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Chatham Rise Progress Report


Widespread Energy and Widespread Portfolios jointly applied in August 2007 for a prospecting licence over a 3,048 km2 area 600 km east of Christchurch in April which includes significant seabed deposits of rock phosphate (also known as phosphorite) and other potentially valuable minerals.  

Recently Crown Minerals released revised draft terms and conditions for the prospecting licence and the Widespread Joint Venture is now working with Crown Minerals to seek agreement on the permit details.

Approval for the prospecting permit had been delayed while the government developed suitable guidelines for regulating marine mining and mineral exploration.

“We are most gratified by the progress that has recently been made in the licensing process as our project has, since it was first announced, attracted considerable interest from fertiliser industry participants, both local and overseas based” according to Widespread Portfolios managing director Chris Castle. 

The strong corporate interest centres on the potential of a major new rock phosphate source at a time when the rapid increase in demand for biofuels is promoting substantially increased demand for fertilisers and ongoing increases in fertiliser prices.

Fletcher Challenge Corporation, and other companies explored the area first in the 1980s. Rapidly increasing superphosphate prices and advances in underwater mining technology, such as that now being undertaken by Neptune Minerals and Nautilus Minerals, means that mining of submarine mineral deposits is now much more feasible.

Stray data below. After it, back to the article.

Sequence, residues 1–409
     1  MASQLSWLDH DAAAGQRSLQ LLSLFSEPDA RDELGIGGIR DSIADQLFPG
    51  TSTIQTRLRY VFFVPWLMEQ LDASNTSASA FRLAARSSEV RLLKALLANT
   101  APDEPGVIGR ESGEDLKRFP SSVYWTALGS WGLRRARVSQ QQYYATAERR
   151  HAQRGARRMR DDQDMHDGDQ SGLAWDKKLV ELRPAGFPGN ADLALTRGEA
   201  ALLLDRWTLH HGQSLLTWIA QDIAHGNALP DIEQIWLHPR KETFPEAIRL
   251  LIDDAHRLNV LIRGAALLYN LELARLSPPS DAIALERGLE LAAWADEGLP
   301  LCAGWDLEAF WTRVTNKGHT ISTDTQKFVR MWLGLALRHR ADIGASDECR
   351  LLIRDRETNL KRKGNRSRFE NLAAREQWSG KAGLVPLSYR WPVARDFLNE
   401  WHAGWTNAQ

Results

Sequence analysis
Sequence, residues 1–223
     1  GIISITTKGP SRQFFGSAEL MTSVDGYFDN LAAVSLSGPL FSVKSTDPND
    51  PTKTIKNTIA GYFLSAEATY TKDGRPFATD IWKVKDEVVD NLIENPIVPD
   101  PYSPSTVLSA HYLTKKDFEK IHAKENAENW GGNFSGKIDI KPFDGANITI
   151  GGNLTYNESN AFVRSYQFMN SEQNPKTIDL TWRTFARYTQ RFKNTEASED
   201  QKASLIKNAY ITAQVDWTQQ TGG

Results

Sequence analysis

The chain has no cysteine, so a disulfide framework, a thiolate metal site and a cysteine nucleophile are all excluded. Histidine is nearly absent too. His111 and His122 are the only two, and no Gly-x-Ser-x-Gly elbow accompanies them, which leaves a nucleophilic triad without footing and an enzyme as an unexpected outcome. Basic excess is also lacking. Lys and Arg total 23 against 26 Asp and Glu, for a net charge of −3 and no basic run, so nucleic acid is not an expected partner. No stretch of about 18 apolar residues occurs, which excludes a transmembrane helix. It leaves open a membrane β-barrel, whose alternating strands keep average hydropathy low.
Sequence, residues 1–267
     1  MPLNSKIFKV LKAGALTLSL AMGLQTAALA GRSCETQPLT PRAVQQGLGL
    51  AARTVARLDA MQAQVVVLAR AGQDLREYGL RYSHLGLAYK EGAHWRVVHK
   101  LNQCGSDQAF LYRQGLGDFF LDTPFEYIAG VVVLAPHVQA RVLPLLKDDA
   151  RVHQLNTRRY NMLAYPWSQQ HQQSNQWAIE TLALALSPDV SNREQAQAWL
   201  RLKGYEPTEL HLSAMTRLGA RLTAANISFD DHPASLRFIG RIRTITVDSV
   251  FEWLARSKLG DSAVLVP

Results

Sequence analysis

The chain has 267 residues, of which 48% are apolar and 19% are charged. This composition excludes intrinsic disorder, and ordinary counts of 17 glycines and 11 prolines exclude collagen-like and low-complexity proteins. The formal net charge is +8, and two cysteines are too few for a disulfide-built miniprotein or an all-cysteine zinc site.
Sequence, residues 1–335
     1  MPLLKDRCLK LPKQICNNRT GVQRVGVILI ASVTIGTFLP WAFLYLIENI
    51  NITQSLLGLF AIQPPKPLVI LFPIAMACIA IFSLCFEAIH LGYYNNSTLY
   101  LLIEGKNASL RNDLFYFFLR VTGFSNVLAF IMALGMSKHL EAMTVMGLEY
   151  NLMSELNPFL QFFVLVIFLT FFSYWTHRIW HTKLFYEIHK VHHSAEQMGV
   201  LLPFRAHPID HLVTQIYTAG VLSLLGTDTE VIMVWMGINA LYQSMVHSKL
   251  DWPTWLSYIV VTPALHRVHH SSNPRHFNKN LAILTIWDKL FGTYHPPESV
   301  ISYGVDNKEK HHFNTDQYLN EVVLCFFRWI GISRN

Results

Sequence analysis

The phosphorite resource may exceed 100 million tonnes (with a current market value of more than NZ$50 billion).

The Widespread Joint Venture (90% Widespread Energy, 10% Widespread Portfolios) plans a two-year work programme that, if successful, will be followed by more detailed exploration and evaluation. This will include feasibility studies updating the work already undertaken 25 years ago reflecting today’s new technology and different costs.

The advances in technology include global positioning systems (GPS) that now make it possible to precisely mine the seabed with automated equipment.

“Recently published results of feasibility studies carried out for deep sea miner Neptune Minerals are very encouraging,” Mr Castle said.

“Our license application has been surrounded by a subsequent application of 71,750 sq km by Auckland company Chatham Phosphate Limited 

Recent major increases in the market value of rock phosphate (from US$50/tonne to US$375/tonne in the last two years) means profitable exploitation of this marine mineral deposit is now more likely to be feasible.

At present virtually all of the rock phosphate used by the New Zealand fertiliser industry is imported from Morocco.  Increasing freight costs are exacerbating the problem. So a New Zealand based and owned resource could well benefit all farmers and other stakeholders in the agricultural sector by lowering fertiliser prices and also reducing the exposure of the sector to exchange rate fluctuations and increasing transport prices.     

For and on behalf of the Board,

Chris D Castle

Onekaka, 22 June 2009